12th June 2017

Well as the chaotic political situation in the UK now, tries to settle down, the attack on the State Pension was probably a major contributory factor. There's something called a 'triple lock' whereby the pension is protected against inflationary pressures from various sources. The government was going to abandon this, but since the Prime Minister's power is now shot, that won't happen. All pensioners receive a one off £200 winter fuel payment around each November. The government wanted to abandon this as well, but will no longer have the power to do so.

The Labour Party did not gain enough seats to challenge the government to resign and all the political commentators persist in pointing this out. But really they didn't win because of the first-past-the-post system of winning a seat. That's all that can be said because in addition to some seats being gained by Labour, their majority increased substantially overall. They are now a government in waiting, which is what an official Opposition should be. Jeremy Corbyn has been continually trashed by his own MPs and everyone else. He had been seen as an improbable possible Prime Minister, but his campaign went so well with honest and direct public speeches, that this view has had to be re-examined. He can now attend interviews where he can extract apologies from the political commentators for dismissing his importance. His own MPs are lining up to eat humble pie and wonder if their dismissive comments in the past have now restricted any chance of a Shadow Cabinet post.

The only good thing to come from the election result is that Scotland will not be leaving the Union. The SNP pushed for a second referendum so hard that they lost support in Scotland and thus lost seats. They may still be the largest Party in Scotland, but their ideology has been attacked by their own citizens. In amongst all of this is Brexit and that too will be under review, not to abandon it but to have a softer approach. Theresa May's declaration that no deal was better than a bad deal, was interpreted as a hard Brexit. Whether or not she still insists that she intends to negotiate on this basis, there will be too much pressure against that style of negotiation. Although it requires twenty-seven countries to finalise any leaving agreement, it does no one any good to score points against the UK. But there may well be rather more give in both directions than was apparent prior to the election.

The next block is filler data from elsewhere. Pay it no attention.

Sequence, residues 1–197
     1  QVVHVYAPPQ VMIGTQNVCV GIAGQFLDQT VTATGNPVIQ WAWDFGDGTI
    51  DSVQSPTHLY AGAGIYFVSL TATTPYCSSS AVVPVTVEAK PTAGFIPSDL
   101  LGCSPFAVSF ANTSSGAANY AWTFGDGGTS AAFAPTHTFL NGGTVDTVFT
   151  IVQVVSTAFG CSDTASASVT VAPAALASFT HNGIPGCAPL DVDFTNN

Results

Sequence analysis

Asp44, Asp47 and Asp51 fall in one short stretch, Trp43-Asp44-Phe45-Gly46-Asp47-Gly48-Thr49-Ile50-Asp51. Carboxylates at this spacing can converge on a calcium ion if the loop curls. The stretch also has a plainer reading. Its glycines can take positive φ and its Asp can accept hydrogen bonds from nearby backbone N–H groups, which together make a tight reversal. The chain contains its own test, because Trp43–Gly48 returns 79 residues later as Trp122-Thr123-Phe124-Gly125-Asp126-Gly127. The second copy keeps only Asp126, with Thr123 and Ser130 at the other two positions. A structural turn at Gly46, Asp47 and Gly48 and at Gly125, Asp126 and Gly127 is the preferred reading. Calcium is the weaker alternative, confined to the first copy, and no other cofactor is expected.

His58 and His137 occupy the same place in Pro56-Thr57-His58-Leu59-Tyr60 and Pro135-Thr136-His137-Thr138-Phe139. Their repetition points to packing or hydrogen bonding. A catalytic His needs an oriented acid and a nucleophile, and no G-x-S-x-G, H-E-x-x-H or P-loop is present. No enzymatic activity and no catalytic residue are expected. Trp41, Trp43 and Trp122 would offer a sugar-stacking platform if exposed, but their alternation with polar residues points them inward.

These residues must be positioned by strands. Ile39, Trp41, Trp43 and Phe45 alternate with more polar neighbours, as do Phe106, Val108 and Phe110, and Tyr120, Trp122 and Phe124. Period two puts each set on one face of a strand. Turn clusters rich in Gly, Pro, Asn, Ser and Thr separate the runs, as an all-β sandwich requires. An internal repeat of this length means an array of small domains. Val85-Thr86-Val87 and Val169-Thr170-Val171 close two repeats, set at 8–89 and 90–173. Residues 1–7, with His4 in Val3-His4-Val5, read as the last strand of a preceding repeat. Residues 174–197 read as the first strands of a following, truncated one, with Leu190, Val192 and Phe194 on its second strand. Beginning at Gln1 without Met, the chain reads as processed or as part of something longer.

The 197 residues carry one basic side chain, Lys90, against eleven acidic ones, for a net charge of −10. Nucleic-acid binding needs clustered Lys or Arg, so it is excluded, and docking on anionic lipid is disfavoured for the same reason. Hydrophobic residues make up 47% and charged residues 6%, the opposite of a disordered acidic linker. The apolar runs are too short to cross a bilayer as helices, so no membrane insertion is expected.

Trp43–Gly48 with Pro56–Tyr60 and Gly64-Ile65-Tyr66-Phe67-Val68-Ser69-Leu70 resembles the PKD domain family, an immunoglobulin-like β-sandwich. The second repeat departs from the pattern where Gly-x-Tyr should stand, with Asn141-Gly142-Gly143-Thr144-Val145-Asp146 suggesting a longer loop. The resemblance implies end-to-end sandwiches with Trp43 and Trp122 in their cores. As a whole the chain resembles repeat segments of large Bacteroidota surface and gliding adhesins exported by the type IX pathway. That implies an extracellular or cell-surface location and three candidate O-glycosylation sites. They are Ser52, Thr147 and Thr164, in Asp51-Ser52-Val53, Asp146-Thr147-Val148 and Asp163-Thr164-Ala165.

Theresa May is now a weak Prime Minister in charge of an unstable government propped up by a Northern Ireland party with similar but also fundamentally different ideology. You might say that the wolves are looking on waiting to pounce. It seems improbable that she can remain Prime Minister for the full next five year term, but attempting to unseat her now will cause more chaos. So no one in her Party wants to rock the boat for fear of them all falling out. There only needs to be six by-elections for the government to lose even the majority provide by the Northern Ireland Party. It's highly probable that any by-election will be won by Labour, or any other Opposition Party. Now that young people have finally realised that their voice can be heard, there's a new Socialist army waiting in the wings.

14th June 2017

One quality that practically all people need in life is resilience. Surviving the taunts and sometimes bullying at school, accepting the boss's decisions over your own at work, being in the super critical public eye who always think they're better and know more. This quality is never so needed as when you're a politician. A politician is given authority, not by the position in parliament, but by the people who voted him/her in.